Job satisfaction and race among military officers
Bristow, Ellen S.
Mehay, Stephen L.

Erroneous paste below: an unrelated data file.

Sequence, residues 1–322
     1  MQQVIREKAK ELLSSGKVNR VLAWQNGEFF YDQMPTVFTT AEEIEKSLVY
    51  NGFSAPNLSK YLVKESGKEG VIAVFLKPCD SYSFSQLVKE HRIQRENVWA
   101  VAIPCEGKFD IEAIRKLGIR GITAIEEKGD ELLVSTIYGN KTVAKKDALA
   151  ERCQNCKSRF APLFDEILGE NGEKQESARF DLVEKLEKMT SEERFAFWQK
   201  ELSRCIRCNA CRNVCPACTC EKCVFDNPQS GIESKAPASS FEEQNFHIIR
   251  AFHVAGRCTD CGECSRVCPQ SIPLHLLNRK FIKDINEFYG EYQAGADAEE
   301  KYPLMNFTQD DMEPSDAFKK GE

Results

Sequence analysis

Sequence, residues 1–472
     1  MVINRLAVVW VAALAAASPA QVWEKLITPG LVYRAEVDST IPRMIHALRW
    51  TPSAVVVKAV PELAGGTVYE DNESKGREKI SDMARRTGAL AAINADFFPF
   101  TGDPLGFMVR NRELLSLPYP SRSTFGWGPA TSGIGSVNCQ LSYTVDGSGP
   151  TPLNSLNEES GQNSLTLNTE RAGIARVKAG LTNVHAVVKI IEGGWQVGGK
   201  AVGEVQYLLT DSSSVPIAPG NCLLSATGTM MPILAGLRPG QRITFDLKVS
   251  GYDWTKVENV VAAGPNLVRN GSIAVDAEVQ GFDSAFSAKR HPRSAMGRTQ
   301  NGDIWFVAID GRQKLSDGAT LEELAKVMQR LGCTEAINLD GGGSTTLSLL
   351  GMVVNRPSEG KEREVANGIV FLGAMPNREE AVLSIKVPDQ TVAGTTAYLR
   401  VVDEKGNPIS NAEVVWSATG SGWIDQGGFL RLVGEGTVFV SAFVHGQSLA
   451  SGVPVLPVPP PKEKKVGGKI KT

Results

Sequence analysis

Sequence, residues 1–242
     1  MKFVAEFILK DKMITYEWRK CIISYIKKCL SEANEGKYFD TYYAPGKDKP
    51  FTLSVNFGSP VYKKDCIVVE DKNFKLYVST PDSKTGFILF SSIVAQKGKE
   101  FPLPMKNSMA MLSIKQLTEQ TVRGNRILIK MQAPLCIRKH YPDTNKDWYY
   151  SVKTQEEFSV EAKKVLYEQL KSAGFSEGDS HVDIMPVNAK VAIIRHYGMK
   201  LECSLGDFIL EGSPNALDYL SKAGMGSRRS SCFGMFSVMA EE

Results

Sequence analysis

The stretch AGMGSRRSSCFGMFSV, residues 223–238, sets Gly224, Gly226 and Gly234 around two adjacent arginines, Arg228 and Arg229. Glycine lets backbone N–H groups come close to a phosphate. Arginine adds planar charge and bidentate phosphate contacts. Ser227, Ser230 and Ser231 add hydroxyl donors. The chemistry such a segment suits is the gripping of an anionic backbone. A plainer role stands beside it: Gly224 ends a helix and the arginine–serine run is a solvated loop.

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This thesis investigated the extent of variation in levels of job satisfaction among military officers that could be attributed to race. The data came from the 1978 Department of Defense Survey of Officers and Enlisted Personnel conducted by the Rand Corporation. The population analyzed was black and white officers in all four services, with the ranks of 01 through 03, who were still within their initial period of obligated service. Factor analysis was performed on a set of job characteristics to determine if differences existed between the black and white officers in the ranking and relative importance of these characteristics. The results of the factor analysis were used to formulate two multivariate models that explain job satisfaction for black and white officers separately. Knowledge of the aspects of work that are important to these officers can provide manpower planners with information that can improve the attainment of recruiting and retention goals in the future.
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